Spectrum: Beastcam Digitally Preserves Living Organisms

Plus, a new tech tool to help the colorblind see contrast in different colors and an outdoor vacuum aims to clean the air.

by / January/February 2017
The Beastcam captures high-resolution, full-color 3-D models of living organisms. digitallife3d.com

Digital Preservation: To ensure that detailed information is available about all of Earth’s creatures, scientists are using the Beastcam to capture high-resolution, full-color 3-D models of living organisms. Based out of the University of Massachusetts at Amherst, the Digital Life nonprofit initiative is partnering with scientists, zoos and nongovernmental organizations to access a wide variety of animals, with the end goal of documenting every living thing on the planet. The 3-D models are available for free online, with a handful already posted including the blacktip shark, emperor scorpion and birch fungus. Source: TreeHugger.com

Color Corrector

The colorblind have a new and easily accessible tech tool to help them see the contrast in different colors. Developed during a hackathon by two Microsoft engineers, the Color Binoculars app uses an iPhone’s camera to apply a filter to live images to increase the contrast between colors or adjust the image, making the colors easier to distinguish. One of the developers, who struggles with red and green, said the app helps him determine when food is cooked based on the changing colors.
Source: Fast Company

8 YARDS ... is the length of a new outdoor vacuum that aims to clean the air. Dutch inventors unveiled the device in October, saying it can suck in air from over four miles and treat 800,000 cubic meters of air per hour, filtering out 100 percent of fine particles and 95 percent of ultrafine particles. Classified as carcinogenic by the World Health Organization, fine particles are caused by emissions and industrial combustion. The system, made by the Envinity Group, could be installed on top of buildings to help purify the air in large cities. Source: Phys.org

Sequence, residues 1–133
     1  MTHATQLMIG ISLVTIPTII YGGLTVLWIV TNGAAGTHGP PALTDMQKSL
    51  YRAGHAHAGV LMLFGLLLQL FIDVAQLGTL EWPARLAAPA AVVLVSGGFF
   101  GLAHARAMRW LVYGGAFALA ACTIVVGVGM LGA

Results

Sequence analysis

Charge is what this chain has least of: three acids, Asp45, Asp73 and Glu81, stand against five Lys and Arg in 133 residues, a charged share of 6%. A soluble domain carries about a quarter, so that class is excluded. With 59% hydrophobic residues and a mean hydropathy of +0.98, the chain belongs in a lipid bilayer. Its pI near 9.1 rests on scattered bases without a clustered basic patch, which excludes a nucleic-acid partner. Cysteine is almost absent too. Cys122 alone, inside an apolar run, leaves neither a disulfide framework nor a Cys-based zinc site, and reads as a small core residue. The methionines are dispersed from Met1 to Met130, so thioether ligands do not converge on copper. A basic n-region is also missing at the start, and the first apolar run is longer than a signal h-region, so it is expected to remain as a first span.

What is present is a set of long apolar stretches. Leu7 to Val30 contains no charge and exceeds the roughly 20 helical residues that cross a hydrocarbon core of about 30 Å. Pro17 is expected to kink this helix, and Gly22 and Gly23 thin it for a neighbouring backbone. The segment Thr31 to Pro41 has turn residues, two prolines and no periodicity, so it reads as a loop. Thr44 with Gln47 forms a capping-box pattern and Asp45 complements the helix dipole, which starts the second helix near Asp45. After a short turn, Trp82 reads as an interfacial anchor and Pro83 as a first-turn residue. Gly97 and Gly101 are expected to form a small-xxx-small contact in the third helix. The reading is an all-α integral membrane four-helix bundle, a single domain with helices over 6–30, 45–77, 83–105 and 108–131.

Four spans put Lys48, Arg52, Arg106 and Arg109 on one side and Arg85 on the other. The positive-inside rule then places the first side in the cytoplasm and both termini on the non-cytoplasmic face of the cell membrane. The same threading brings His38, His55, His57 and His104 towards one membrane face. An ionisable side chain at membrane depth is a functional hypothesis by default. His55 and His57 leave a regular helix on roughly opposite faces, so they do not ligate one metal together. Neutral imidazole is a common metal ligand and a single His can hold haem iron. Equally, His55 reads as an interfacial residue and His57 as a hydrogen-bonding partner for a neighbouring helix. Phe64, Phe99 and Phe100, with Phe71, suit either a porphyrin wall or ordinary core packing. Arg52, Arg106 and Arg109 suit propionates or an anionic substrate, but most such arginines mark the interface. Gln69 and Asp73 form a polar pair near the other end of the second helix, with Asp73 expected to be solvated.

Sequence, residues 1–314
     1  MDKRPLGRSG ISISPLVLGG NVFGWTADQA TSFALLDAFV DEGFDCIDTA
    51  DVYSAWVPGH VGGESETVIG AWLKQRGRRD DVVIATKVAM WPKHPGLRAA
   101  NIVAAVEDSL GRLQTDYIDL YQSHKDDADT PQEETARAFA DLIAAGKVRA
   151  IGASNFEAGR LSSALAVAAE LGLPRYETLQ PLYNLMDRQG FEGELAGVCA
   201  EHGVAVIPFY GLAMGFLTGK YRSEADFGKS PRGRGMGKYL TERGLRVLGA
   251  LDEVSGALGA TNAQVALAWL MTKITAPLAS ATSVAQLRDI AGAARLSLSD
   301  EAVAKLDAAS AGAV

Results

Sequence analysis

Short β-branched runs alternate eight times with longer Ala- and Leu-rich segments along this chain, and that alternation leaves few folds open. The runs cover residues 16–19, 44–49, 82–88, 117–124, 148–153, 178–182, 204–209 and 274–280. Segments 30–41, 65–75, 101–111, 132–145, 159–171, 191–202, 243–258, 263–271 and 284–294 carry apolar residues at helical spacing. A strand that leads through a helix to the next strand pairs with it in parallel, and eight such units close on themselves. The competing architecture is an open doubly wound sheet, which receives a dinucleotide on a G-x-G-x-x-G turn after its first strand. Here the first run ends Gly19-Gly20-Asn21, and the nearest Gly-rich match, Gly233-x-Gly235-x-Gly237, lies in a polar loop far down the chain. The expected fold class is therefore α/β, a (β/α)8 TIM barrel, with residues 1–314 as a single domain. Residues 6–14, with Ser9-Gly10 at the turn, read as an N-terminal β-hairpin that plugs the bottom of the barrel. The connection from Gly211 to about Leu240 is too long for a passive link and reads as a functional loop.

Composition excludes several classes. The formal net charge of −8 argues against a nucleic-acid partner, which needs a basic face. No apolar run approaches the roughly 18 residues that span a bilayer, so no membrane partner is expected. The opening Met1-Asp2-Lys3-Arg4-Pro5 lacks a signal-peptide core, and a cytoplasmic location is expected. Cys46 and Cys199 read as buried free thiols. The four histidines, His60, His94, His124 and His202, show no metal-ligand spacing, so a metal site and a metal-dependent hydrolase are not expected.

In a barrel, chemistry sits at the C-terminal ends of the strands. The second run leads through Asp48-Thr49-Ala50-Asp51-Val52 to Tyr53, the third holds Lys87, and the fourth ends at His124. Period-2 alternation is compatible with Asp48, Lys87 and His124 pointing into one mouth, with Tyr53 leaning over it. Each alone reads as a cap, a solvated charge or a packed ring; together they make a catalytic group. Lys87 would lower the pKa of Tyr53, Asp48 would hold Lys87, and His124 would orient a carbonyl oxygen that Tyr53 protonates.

Taking Flight

The future of streetlights may be less static. A new concept by UK insurer Direct Line would use drones to provide lighting on demand. Similar to ride-hailing services like Uber, users make a request for lighting via a mobile app and the Fleetlights travel to the needed location. The concept could help search-and-rescue teams or people who walk home from work in the dark. While Fleetlights isn’t planned for commercial development, the drones have been tested in Petworth, which has one of the most dangerous (and dark) roads in the United Kingdom. The tech was built on an open source platform so developers can continue to build on the concept. Source: New Atlas

Elaine Pittman Former Managing Editor

Elaine Pittman worked for Government Technology from 2008 to 2017.

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